Ten years ago, the Home Affairs Committee’s Special Report on Drugs and Prisons made a series of recommendations that are still being ignored by the Ministry of Justice.
Ministry of Justice
Ten of thousands of people are remanded in custody every year while they await trial. But when they come to court, a high proportion walk free.
Prisoners held on remand while awaiting trial can at least console themselves that if found guilty, their time on remand will count towards their sentence. But there is no such consolation for those found not guilty, or found guilty but given a non-custodial sentence.
In spite of the rising toll of the war in Afghanistan, fewer military inquests are being held.
How smart have prisons in England and Wales been in using the information gained from mandatory drug testing? And which prisons have done better than others?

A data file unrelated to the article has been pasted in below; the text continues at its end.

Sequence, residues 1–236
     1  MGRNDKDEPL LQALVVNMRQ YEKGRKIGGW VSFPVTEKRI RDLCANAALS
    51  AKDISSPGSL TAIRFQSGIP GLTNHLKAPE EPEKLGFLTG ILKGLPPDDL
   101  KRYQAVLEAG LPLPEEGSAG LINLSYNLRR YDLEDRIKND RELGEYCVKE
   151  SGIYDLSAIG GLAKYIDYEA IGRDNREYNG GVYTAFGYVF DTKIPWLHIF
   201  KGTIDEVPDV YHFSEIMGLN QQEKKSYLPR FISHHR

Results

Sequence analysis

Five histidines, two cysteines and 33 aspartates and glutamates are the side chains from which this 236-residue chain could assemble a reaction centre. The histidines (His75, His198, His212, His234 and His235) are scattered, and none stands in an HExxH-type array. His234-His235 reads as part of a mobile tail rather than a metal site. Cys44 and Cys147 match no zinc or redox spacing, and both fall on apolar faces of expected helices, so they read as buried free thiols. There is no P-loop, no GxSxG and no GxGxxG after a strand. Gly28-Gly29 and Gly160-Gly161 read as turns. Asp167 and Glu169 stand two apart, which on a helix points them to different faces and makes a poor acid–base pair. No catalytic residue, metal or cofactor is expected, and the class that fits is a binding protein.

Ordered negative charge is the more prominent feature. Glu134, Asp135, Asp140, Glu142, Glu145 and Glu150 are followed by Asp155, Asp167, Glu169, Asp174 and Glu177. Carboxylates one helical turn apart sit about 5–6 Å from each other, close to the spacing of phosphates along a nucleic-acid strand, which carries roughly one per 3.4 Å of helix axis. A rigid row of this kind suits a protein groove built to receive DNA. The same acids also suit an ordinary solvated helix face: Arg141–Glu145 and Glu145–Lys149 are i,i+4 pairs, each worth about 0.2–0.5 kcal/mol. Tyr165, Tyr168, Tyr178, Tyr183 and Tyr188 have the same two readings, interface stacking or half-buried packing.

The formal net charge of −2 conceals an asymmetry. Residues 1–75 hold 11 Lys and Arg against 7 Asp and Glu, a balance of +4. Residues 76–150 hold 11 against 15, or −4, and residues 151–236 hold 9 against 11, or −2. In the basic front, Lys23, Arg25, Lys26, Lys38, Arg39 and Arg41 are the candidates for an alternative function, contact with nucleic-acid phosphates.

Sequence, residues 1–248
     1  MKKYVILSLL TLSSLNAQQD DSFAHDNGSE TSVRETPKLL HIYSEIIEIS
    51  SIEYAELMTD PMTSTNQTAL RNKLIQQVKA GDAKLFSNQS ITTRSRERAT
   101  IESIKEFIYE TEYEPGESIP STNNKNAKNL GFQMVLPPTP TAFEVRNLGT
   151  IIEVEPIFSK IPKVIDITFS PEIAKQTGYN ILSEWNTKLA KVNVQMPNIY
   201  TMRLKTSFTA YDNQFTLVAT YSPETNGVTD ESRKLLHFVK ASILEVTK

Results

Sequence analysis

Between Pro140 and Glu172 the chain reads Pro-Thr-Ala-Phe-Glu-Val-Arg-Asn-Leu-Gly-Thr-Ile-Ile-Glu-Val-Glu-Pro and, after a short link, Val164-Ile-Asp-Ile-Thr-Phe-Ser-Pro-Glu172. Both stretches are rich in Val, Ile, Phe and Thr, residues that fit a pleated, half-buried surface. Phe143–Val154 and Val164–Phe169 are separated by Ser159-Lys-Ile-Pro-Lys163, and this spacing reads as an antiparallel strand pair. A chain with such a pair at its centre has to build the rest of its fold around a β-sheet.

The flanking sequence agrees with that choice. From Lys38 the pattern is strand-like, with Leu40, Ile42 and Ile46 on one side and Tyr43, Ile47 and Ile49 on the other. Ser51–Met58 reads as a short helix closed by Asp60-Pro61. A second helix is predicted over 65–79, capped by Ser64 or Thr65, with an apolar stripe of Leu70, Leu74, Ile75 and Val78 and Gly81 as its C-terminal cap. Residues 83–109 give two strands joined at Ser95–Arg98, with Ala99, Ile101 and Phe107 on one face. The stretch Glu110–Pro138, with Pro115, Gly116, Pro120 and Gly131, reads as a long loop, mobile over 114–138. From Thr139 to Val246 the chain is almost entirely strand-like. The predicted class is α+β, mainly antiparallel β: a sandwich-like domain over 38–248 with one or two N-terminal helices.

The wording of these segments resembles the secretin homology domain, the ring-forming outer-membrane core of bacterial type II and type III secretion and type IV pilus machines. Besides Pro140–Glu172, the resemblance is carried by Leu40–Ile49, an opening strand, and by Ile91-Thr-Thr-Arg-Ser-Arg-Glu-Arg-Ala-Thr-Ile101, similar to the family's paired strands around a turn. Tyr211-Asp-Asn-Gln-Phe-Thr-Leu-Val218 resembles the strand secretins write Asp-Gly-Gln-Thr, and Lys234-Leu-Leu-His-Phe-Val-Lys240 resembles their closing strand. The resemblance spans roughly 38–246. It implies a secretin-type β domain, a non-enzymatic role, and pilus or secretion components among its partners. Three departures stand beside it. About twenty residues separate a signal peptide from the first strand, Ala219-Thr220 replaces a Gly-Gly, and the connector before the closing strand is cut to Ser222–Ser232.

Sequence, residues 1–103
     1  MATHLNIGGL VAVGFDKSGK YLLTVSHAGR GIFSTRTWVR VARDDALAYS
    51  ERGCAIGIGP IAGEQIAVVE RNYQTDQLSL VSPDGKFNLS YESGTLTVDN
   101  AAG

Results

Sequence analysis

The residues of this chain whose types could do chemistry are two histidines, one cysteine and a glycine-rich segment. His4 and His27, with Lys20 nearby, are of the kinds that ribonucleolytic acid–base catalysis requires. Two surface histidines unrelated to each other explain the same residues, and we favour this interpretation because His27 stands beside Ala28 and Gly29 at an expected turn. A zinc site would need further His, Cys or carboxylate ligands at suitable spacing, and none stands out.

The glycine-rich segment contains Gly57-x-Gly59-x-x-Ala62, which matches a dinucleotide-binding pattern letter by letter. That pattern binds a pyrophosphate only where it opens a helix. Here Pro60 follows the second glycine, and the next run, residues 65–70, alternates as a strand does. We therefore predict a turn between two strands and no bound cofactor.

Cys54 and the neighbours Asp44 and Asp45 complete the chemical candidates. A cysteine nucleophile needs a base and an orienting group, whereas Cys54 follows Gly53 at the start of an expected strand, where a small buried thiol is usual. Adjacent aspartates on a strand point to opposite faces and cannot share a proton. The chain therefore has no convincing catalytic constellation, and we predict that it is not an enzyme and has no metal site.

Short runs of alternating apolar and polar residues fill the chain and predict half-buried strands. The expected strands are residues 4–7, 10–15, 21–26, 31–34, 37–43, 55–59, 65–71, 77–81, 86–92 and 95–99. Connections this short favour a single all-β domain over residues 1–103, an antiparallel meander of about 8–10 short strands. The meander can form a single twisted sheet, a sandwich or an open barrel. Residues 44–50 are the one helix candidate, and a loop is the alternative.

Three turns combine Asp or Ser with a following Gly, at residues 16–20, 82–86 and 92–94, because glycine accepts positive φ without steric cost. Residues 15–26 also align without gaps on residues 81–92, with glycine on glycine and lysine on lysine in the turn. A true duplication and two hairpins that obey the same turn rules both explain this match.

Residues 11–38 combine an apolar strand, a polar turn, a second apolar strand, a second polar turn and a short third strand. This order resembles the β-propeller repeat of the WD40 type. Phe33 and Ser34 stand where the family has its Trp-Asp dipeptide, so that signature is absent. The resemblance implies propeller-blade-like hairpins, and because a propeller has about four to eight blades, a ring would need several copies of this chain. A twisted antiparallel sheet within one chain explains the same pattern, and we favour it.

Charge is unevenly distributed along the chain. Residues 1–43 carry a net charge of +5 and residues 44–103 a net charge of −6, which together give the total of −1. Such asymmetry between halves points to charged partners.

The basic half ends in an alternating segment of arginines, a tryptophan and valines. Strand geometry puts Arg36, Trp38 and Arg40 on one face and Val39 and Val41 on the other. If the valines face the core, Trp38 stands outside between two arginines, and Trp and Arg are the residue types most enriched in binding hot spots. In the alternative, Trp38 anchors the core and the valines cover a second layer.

Recent parliamentary answers to astute questions from Andrew Pelling MP have provided a means of assessing the progress of the Prison Service’s Integrated Drug Treatment System (IDTS).
The Government’s drug testing programme in prisons is distorted by perverse incentives, and fails to make the best use of the data collected.
More British soldiers are dying in Afghanistan - but the number of inquests held into their deaths has halved, in spite of Government promises of extra resources. Why?
Britain’s jails are full, but are they full of the right people? A huge number are on remand – and are subsequently found not guilty of the charges on which they were remanded.